It’s well past midnight, and newly acquired Brooklyn Nets guard D’Angelo Russell landed in New York after being traded by the Los Angeles Lakers. One of his first text messages he sends after he turns his phone off airplane mode is to Chris Brickley.
On this particular day, Brickley just got home after eight workout sessions with numerous NBA players ranging from the hours of 8 a.m. to 5 p.m.. Getting back to his house, he dropped his stuff off, ate a quick meal and hopped in the shower. As he was laying in bed, he got the text from Russell saying he wanted to shoot. Brickley’s response was “I’m there.”
Minutes later, the two met at the Brooklyn Nets practice facility.
The approximate time of the workout is 2:09 AM, and the two begin honing in on what Russell felt he needed to improve upon. They have the gym to themselves, as Brickley runs through a set of workouts designated for the former number two overall pick.
“I help players help themselves,” Brickley told DIME. “I build a relationship with them and study their craft. I watch film on each guy and I ask them what they want to get better at, what they don’t want to do, what their teams want them to do.”
A former Louisville walk-on player, Brickley was a Top 100 high school player in the country before landing at Northeastern University. Playing behind J.J. Barea at the time, Brickley got to see a professional in the making, and worked with Rick Pitino’s son, Richard, who was also at Northeastern.
Brickley knew pretty early on in that he wasn’t going to be an NBA superstar, but it was Richard who enticed Brickley to move onto his father’s team, Louisville. At that point, Brickley would decide to transfer to Louisville to specifically learn from one of the best: Rick Pitino.
Picking the brain power and vast knowledge of Pitino, Brickley changed the trajectory of his goals from playing to becoming a coach. He spent time with Pitino talking and discussing game tapes, film sessions, strategy and more. At the age of 25, Brickley was named an assistant at Farleigh Dickerson University in New Jersey, making him one of the youngest assistants in the country. He moved up the ranks, going to a few other schools before landing with the New York Knicks as a trainer there. As fate would have it, Pitino himself recommended Brickley for the position.
“You knew Chris Brickley wanted to be a coach,” Pitino said of his former walk-on. “He was a basketball junkie and wanted to learn the game. If you believe in someone, I knew he could do a really good job. I’m not one that makes phone calls and recommends people that I don’t think would impact the franchise.”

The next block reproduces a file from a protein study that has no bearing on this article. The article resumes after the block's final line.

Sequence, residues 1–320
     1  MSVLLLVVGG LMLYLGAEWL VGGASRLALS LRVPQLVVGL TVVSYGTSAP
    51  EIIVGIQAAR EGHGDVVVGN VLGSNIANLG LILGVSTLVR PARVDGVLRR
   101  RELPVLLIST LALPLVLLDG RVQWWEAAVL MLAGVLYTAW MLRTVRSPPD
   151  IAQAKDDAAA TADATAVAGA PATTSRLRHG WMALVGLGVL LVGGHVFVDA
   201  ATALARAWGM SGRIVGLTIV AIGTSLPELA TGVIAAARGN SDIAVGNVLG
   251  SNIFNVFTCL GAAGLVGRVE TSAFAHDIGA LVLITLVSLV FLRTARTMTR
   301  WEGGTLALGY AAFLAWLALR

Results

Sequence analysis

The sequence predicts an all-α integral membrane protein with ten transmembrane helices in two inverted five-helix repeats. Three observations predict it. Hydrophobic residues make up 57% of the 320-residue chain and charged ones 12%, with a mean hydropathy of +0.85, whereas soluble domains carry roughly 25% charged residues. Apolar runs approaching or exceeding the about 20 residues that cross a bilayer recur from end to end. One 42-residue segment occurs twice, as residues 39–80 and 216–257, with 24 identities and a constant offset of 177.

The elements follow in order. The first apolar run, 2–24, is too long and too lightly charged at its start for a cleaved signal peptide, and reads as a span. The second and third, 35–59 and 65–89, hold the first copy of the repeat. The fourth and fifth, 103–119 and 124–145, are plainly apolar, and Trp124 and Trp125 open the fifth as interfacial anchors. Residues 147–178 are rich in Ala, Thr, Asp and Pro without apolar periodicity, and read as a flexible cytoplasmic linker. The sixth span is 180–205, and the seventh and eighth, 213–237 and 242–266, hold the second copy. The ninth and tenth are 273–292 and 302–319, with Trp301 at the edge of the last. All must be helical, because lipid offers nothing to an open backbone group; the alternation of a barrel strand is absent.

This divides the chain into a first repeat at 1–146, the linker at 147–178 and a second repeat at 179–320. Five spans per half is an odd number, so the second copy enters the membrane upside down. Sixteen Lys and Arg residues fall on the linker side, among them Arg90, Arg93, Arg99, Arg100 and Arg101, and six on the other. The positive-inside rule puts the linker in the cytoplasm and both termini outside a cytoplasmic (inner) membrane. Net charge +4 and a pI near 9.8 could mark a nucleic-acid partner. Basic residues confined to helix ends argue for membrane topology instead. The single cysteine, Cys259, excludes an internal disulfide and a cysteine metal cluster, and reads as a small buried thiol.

Working with J.R. Smith and his brother vaulted him into the opportunity with the Knicks and the success compounded from there. Brickley formed a bond with many players in the Knicks organization and beyond, but later built a relationship that would push his career even further.
“Once I got the Knicks job, me and Melo became real close,” Brickley said.
Carmelo Anthony was a newly acquired superstar in the Mecca of basketball, yet Brickley was tasked with being the guy to train him. Brickley watched every single game of Anthony’s career and learned every move, ever hitch, and every mannerism Melo had in his game. The two spent a lot of time together, which made it easier to be open and honest about the craft.
“I’ll show him a move,” Brickley said, “and he’ll say ‘no, I don’t do that,’ and I’ll bring up the tape from 2004 and say ‘no, in 2004, you did this!’ It’s the great part about our relationship, about relationships with all the players I work with. You have to be constructive sometimes and tell them things they may not want to hear. We just understand each other and there’s that level of trust there.”
Brickley left the Knicks this past season and continued to train guys one-on-one. Brickley now trains his guys at Life Time Athletic at Sky in Manhattan. Anthony believed so much in what Brickley was about, they’d post video clips of his workouts and share it with the world.
Aside from Anthony, Brickley has trained players like Kevin Durant, Enes Kanter, Tim Hardaway Jr., Joel Embiid, and many others. He compiles video clips on whatever the players are looking for, sits down and really digests the film, and then they go out and work on it.
If a player wants to change his shot, there’s a process for that. If a player wants to work on his lateral quickness and handles, Brickley has drills to push them further. But where Brickley differentiates himself is the respect level for each player he has. Similar to a sibling or family member, he’s not afraid to be honest or harsh with guys who are making a wealthy living playing basketball. Elite athletes aren’t always used to that sort of bluntness, and they all respond differently.
“He’s passionate, innovative and dedicated to his craft,” C.J. McCollum told DIME. “He loves the game and wants to be great. He’s truly invested in the players [he trains].”
Known for his 60 second video clips of workouts on instagram and twitter, Brickley says there’s 80-plus minutes of other footage that isn’t shown during the entirety of one workout. The videos obviously display the good, but it gives you a small glimpse into what they’re working on.
Every NBA player understands that everyone around them has an agenda. However, Brickley’s agenda is helping the players get better. He watches basketball constantly when he’s not training players. From as early as 2 a.m. to as late as midnight the next day, Brickley is getting a combination of last minute calls or scheduled workouts in.
Many could claim to have staying power when it comes to training high-profile NBA players, but Brickley possesses that mix of being critical, being patient and being constructive that comes from his time as a coach. It’s no surprise he’s turning into the go-to guy for NBA players who want to get better.